Forklift injury issues raised on Forklift Safety Day

Personal injury solicitors Simpson Millar has found that over 1 in 6 workplace accidents in construction, logistics, and similar industries involve forklifts.

The data comes in light of Forklift Safety Day on 11th June. As part of their new study in accidents at work, Simpson Millar found that 30,146 non-fatal accidents1 were reported in the last year in industries which regularly use forklifts as part of their daily operations.

According to the Health and Safety Executive, around 5,000 forklift injuries2 are reported every single year.

Manufacturing 10,382

Transportation and storage 8,059

Wholesale and retail trade; repair of motor vehicles and motorcycles 6,873

Construction 4,038

Agriculture, forestry and fishing 690

Mining and quarrying 104

Source: Health and Safety Executive (HSE)

Simpson Millar also used their experience of working with those who had suffered serious forklift injuries and found that the most common reasons for accidents include:

• User error - failing to notice another person, object or vehicle and colliding with them

• Insufficient training and supervision

• Lack of marked or designated traffic routes on work grounds

• Uneven surfaces

• Overloaded pallets and unsecured loads

• Poor maintenance of equipment

Simpson Millar shares, “Employers have a legal duty to provide and maintain a safe system of work. In workplaces where there is heavy machinery present, like warehouses, the Provision and Use of Work Equipment Regulations 1998 and Lifting Equipment Regulations 1998 place duties on people and companies to operate, control, maintain and inspect equipment. Employers can be prosecuted and fined up to £20,0004 if they’re found to have breached any of these regulations and failed to keep their workers safe.”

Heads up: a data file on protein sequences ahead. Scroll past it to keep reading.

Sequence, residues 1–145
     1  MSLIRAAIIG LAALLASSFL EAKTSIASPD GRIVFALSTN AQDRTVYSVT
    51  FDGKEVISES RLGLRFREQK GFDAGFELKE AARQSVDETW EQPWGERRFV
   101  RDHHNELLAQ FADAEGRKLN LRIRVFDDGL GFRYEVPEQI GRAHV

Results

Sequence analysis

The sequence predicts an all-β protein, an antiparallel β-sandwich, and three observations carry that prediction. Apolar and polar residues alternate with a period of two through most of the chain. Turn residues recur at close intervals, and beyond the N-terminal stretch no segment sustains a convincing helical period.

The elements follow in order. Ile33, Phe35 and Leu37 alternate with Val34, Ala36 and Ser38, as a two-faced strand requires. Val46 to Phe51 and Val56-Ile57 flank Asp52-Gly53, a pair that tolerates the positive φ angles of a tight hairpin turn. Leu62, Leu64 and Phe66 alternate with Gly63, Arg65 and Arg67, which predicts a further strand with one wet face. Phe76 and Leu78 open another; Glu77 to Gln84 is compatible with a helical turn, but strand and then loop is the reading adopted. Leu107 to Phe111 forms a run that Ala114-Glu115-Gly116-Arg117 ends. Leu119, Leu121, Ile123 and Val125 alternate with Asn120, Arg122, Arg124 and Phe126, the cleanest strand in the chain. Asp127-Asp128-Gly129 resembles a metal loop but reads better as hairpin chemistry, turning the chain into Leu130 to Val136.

9 ways employers can prevent forklift accidents for employees

1. Maintain a clean, well-organised and tidy workplace

2. Carry out rigorous risk assessments on the grounds and vehicles, updating them regularly to identify material risks

3. Provide adequate training to staff, so they’re aware of risks and how to deal with them

4. Have adequate supervision of staff in place when using forklifts, along with a system of inspecting and maintaining machinery

5. Put up warning signs close to known hazards, such as uneven surfaces and dangerous machinery, and ensure safe walkways and routes in busy warehouses as clearly marked

6. Make sure forklift drivers wear a seatbelt, hard hat and hi-vis vest, take regular breaks and drive at appropriate speeds

7. Provide personal protective equipment, such as hard hats, goggles and gloves

8. Maintain safe loading and unloading processes, and use lifting equipment most appropriate for the task

9. Make sure all lifting equipment is clearly marked with the safe working load limit

64% of workers have had an accident at work which has gone unreported

What’s more is when Simpson Millar polled UK workers, 64% said they had suffered an accident at work but failed to report it. Only 36% of workers shared they had reported the incident.

Staggeringly, 31% of workers stated they had ‘never thought to report’ the accident. This statistic alone could mean that the rate of accidents in industries that commonly use forklifts could be far higher than the 30,146 non-fatal accidents reported by HSE.

Further to this, 46% of workers shared they are unsure who to report an accident to, which could mean those workers decide not to report an accident involving a forklift.